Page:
What’s the most popular camera used in terms of pictures taken that are uploaded to Flickr? Right now, it’s the Nikon D90. But in about a month or so, it will be Apple’s iPhone 4. What’s amazing is that D90 is nearly three years old. The iPhone 4 is not even a year old. Just look at a the chart above. The rise has been spectacular.
But it’s hardly the first time an iPhone has risen this quickly. Back in 2009, the iPhone overtook the Canon EOS Digital Rebel XTi as the most popular camera on Flickr. The difference is that at the time, Flickr was counting all the iPhone models together. That meant the original iPhone, the iPhone 3G, and the iPhone 3GS were all clumped together to overtake the Canon model. Now they’re split up, and the iPhone 4 alone is still going to be the most popular camera on Flickr in under a year. It’s pretty remarkable, really.
It also speaks to just how badly Flickr has dropped the ball with regard to mobile. We’ve previously delved into this topic when recounting a former Yahoo employee talking about how Flickr should have built a service like Instagram, but simply couldn’t due to bureaucracy. Flickr has long had the data to show that smartphone cameras were starting to dominate the market, but they really didn’t do anything about it.
The chart below is even more interesting. The “popular” point & shoot camera are all tanking, quickly. You’d think there would be one that is still doing well, but when compared to the high end (SLR) market and the smartphone market, they’re in a total nosedive. This will only get worse. As we’ve also previously written, the point & shoots have also totally dropped the ball with regard to the social photo revolution — they’ve committed seppuku.
Six months ago, the data looked bad for point & shoots. Now it looks downright frightening. If the trend continues (and it’s actually speeding up), the point & shoot is finished.
Flickr’s data obviously isn’t absolute. But they do have a wide range of users who are interested in photography uploading to their site. And the main disclaimers they give about their data is that smartphone data may actually be under-represented. So yes, it’s not looking good for point & shoots.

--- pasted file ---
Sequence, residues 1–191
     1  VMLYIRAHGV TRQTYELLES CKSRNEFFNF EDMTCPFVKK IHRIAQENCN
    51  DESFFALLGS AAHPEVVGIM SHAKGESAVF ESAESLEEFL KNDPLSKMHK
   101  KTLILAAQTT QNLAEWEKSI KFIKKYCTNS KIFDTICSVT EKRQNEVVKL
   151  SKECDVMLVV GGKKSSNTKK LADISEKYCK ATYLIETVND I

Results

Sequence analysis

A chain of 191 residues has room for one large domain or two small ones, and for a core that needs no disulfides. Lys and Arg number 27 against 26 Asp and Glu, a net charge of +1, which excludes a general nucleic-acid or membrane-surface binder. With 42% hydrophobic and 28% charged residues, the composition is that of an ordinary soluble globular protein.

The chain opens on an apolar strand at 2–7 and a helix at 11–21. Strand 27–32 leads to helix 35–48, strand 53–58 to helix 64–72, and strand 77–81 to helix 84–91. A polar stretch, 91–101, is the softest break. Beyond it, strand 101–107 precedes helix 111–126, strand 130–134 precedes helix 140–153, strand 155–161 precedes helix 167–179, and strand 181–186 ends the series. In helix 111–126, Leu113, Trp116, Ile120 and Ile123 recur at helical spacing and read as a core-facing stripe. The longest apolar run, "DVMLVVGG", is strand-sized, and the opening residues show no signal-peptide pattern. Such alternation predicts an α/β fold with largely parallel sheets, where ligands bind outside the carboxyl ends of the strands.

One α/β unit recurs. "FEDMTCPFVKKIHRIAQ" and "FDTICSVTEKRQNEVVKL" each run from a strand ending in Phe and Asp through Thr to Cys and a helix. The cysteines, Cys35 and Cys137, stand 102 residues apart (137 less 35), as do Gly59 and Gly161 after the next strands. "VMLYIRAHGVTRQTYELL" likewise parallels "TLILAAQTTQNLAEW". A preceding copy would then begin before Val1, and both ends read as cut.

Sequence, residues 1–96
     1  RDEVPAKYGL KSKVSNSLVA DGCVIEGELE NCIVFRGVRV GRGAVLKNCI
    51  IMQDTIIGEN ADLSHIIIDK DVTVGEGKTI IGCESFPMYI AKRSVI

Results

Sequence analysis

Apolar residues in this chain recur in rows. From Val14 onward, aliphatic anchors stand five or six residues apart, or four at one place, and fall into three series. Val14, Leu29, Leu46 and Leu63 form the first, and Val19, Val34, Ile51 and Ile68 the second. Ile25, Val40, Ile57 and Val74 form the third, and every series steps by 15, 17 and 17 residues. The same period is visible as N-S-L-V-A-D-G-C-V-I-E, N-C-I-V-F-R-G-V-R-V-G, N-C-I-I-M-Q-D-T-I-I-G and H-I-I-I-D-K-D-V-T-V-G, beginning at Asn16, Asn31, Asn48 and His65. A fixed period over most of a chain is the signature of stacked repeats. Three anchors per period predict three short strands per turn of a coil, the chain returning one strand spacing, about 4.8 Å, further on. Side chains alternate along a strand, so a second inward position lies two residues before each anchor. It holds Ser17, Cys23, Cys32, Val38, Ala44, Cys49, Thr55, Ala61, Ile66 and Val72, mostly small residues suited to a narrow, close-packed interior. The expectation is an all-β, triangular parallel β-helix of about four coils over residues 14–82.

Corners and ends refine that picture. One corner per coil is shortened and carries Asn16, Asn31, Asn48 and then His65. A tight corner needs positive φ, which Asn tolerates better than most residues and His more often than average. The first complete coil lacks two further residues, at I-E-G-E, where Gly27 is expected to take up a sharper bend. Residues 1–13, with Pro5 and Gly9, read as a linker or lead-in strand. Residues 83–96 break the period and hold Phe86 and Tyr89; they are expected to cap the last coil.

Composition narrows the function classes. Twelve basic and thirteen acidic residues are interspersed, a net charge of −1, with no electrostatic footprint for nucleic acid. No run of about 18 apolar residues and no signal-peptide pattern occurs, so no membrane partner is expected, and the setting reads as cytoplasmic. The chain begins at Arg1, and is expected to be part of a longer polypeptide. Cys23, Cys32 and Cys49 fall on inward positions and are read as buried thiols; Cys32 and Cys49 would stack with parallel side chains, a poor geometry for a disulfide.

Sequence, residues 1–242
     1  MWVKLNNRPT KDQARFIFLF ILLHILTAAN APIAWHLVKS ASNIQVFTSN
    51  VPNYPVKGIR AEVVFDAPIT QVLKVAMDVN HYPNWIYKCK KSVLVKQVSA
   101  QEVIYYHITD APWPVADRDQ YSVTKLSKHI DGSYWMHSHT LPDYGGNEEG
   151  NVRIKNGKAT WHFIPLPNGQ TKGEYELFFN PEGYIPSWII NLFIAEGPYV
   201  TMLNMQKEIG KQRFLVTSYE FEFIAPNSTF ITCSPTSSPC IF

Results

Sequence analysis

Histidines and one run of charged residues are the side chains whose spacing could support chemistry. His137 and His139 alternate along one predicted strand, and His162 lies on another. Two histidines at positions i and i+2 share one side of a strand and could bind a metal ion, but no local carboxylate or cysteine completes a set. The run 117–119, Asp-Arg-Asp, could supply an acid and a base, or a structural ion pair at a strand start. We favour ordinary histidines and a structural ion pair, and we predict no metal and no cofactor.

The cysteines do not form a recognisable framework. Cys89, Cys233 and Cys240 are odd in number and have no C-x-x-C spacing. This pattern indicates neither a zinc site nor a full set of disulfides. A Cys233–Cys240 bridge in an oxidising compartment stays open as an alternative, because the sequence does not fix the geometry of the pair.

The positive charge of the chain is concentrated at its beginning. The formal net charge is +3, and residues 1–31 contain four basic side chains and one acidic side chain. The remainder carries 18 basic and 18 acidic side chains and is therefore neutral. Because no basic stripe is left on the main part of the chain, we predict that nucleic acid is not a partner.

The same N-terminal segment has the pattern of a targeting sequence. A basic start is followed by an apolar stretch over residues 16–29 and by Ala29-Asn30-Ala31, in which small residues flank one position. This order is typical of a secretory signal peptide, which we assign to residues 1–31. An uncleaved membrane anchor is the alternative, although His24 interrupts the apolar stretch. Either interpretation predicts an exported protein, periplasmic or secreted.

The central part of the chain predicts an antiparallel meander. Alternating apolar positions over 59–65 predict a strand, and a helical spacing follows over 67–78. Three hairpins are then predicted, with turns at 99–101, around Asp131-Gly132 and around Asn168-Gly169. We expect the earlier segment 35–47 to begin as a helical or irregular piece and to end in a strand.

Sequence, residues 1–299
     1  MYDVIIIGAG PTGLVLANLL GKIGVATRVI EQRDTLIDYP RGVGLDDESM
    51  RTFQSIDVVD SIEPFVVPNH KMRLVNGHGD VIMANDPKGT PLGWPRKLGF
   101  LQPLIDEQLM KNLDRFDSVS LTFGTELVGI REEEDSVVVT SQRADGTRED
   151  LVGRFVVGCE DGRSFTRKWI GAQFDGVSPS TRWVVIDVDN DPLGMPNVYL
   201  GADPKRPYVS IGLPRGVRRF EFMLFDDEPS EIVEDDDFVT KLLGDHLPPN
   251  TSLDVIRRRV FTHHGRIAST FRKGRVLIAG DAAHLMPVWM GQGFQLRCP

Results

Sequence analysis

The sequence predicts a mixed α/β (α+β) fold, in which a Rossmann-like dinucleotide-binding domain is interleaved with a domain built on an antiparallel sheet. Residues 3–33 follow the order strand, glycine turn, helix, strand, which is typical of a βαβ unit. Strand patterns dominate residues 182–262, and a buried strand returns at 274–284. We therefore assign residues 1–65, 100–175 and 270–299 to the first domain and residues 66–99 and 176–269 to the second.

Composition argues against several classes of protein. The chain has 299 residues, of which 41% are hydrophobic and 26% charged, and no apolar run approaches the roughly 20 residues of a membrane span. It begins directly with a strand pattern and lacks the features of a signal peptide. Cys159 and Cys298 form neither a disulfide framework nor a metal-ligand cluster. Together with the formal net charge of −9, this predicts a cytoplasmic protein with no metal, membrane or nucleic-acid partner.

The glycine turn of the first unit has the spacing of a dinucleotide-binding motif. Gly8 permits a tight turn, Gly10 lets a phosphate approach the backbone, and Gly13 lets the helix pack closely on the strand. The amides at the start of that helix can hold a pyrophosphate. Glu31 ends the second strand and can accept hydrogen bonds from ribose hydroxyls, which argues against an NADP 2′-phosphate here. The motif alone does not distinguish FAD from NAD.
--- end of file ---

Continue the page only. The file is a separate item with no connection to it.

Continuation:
And if you were to lump all the iPhone models together, they would be so far ahead of every other camera that the graph would look absurd. This is the state of photography right now. And it’s going to continue in this direction.
While Android has overtaken the iPhone in terms of market share, none of their individual phone models are doing particularly well from a photo-taking perspective. It’s hard to say why this is — lack of a good Flickr Android app, or just because there are so many different model? But with the iPhone 5 now not likely launching until the fall, the iPhone 4 will have plenty of time to sit on the crown and expand upon it.
Flickr, meanwhile, will have plenty of time to contemplate what they missed out on in the mobile photo revolution happening on their own charts. And the point & shoots will have plenty of time to bleed.
(As an interesting sidenote: note how Apple is actually the least popular of the camera brands on Flickr. Is it because they only have four models? Or is Flickr’s data just wrong? Also worth noting: the iPad 2 is not doing well as a camera in terms of Flickr pictures. No surprise there — it’s simply not good for still image capture.)
Former game designers Stewart Butterfield and Caterina Fake created Flickr, an online photo sharing network, in 2004. Flickr, which began as a photo-sharing feature of their gaming project, has since then blossomed into one of the premiere photo-sharing sites on the web. Yahoo purchased Flickr for $35 million in March of 2005. Since then Flickr continues to compete with other photo-sharing giant Photobucket.